September 2, 2015
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In NaBITA's monthly newsletter we share a Tip of the Week, spotlight a resource relevant to the field, provide news, and share information about our upcoming events. In addition, each NaBITA newsletter brings you information relevant to the field of behavioral intervention and prevention, with current events and relevant resources. If you like the newsletter, we hope you will join NaBITA so that you can receive the weekly version of this great member benefit. Click here for more information.
NaBITA is pleased to spotlight Threat Assessment Teams for Troubled Students: Putting the Pieces Together, by Alyssa Keehan, Risk Management Counsel, for United Educators. The publication can by used by institutions to guide their actions when establishing a threat assessment team or improving the operation of an existing team.
Tip of the Week
Counselors and Threat Assessment: Part 4
Dr. Brian Van Brunt recently sat down with Counseling Today, a publication of the American Counseling Association, to reflect on the role counselors play in threat assessment. In this 4-part series, Dr. Van Brunt will share his insight on the state of the field with regard to violence assessment, counselor preparedness and helpful suggestions and resources for supplemental training on assessment and treatment.
In the introduction of your book, Harm to Others, you write, “The most effective solution to rampage violence is early, easy and frequent access to care for potential perpetrators.” How can counselors and psychologists address this problem?
To read the complete Tip, click here.
Join us at the 7th Annual NaBITA Conference
and the 6th Annual Campus Threat Management Institute
November 17-21, 2015
The Westin Riverwalk in San Antonio, TX
Early Bird Registration ends on September 4, 2015.
For more information, please visit the NaBITA Conference webpage or contact:
Amanda Tarczynski, email@example.com or (484) 321-3651
Early Bird Registration Rates End This Friday! Register TODAY!
Keynote Speaker Sessions
The Evolution of Behavioral Threat Assessment: Future Directions for Violence Prevention
Presented by Dewey G. Cornell, Ph.D., forensic clinical psychologist and Bunker Professor of Education in the Curry School of Education at the University of Virginia, Director of the U.Va. Virginia Youth Violence Project and a faculty associate of the Institute of Law, Psychiatry, and Public Policy.
This presentation will examine how threat assessment has evolved from the broader field of risk assessment and what improvements are needed to establish it as an evidence-based practice. In the past 20 years behavioral threat assessment has emerged as a form of risk assessment with a distinguishing emphasis on targeted violence, attention to social ecology, and prevention through problem resolution. The advancement of threat assessment requires continued progression from an emphasis on prediction to multi-tiered prevention, from decisions guided by intuition to empirically-informed assessment, and from case reports to controlled studies. The presenter will illustrate these points with case experiences and research in Virginia public schools and higher education settings.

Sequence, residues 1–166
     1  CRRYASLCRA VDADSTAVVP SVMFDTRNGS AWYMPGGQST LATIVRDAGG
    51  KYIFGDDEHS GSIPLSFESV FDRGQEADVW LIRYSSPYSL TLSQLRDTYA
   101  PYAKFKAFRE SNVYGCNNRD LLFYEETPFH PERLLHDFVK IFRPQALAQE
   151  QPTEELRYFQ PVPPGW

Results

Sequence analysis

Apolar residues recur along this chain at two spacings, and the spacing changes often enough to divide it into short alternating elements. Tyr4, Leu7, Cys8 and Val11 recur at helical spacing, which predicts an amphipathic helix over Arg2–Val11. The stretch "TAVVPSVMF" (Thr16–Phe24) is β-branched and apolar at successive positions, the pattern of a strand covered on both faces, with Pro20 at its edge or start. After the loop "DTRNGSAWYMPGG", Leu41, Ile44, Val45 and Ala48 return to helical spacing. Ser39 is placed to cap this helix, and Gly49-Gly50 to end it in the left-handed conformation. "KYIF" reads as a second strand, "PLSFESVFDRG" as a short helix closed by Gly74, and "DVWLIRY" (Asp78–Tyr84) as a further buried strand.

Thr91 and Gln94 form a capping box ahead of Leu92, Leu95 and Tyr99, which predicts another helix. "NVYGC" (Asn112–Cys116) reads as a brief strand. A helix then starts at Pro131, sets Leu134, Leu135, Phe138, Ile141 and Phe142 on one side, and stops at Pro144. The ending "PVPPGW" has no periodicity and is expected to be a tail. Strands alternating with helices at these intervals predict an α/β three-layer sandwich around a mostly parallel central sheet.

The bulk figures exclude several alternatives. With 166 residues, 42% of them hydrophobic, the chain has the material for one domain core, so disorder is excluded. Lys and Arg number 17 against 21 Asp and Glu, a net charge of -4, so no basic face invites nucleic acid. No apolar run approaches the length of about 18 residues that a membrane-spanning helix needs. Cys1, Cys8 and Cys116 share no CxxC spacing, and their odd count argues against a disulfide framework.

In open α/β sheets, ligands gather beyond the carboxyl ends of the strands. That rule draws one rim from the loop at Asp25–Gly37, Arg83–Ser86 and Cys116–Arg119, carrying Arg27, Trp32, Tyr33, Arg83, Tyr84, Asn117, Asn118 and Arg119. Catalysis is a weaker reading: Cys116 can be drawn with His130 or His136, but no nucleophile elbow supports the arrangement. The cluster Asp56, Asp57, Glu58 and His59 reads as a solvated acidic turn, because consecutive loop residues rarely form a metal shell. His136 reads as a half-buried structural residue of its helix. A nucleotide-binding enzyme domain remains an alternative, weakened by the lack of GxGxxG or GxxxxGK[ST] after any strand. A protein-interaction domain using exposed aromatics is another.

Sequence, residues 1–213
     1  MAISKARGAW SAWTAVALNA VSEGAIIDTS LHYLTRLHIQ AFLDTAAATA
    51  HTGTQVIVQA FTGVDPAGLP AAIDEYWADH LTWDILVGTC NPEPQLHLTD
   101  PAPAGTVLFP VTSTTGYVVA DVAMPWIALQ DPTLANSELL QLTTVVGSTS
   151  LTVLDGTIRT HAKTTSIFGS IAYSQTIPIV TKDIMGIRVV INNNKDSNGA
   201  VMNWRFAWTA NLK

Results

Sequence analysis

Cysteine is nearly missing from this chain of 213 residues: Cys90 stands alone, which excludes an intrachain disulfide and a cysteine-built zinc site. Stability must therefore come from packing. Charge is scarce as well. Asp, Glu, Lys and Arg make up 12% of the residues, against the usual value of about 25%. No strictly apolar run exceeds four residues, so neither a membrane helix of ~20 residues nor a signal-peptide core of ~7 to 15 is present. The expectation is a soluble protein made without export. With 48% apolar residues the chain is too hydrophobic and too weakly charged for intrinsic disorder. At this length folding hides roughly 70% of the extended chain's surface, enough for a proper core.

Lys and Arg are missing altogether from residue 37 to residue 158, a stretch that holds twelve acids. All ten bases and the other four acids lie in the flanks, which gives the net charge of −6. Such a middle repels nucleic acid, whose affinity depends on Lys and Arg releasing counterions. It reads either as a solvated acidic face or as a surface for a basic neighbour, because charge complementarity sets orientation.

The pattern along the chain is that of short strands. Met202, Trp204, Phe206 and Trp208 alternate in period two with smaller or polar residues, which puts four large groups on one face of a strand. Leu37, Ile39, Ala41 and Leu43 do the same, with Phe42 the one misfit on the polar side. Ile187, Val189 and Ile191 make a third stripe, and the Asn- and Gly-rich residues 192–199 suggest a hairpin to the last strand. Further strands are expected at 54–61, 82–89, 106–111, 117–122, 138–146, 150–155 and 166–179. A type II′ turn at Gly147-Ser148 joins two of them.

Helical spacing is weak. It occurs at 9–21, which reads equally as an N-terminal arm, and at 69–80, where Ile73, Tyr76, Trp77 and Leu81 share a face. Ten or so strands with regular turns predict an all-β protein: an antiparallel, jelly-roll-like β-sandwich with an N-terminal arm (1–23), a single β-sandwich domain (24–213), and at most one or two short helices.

Dr. Cornell is a forensic clinical psychologist and Bunker Professor of Education in the Curry School of Education at the University of Virginia. Dr. Cornell is Director of the U.Va. Virginia Youth Violence Project and a faculty associate of the Institute of Law, Psychiatry, and Public Policy. His research and teaching is concerned with the prevention of youth violence and bullying, as well as the facilitation of healthy student development and achievement through a supportive and structured school climate. Dr. Cornell has worked with juvenile and adult violent offenders, testified in criminal proceedings and legislative hearings, and consulted on violence prevention efforts. He has authored more than 200 publications in psychology and education, including studies of juvenile homicide, school safety, bullying and threat assessment. Two of his books are School Violence: Fears Versus Facts, and Guidelines for Responding to Student Threats of Violence. He is currently conducting a federally-funded study of school climate and bullying in more than 700 Virginia secondary schools.
Learning to Kill: The Impact of Media Violence
Presented by Lt. Col. Dave Grossman, U.S. Army (Ret.), former Professor of Military Science and Psychology at West Point, co-author of Stop Teaching Our Kids to Kill: A Call to Action Against TV, Movie and Video Game Violence, and author of On Killing: The Psychological Cost of Learning to Kill in War and Society.
This presentation will address several diverse topics which were brought together by the author’s experiences as: (1) a military and law enforcement trainer and psychologist, (2) a trainer of health professionals, law enforcement personnel, and first responders in the aftermath of the Jonesboro, Springfield, Littleton, Nickel Mines Amish School, and Virginia Tech school shootings, (3) a consultant in the Paducah school shootings and other major murder cases, and (4) a speaker to the annual conventions of the AMA, APA and AAP.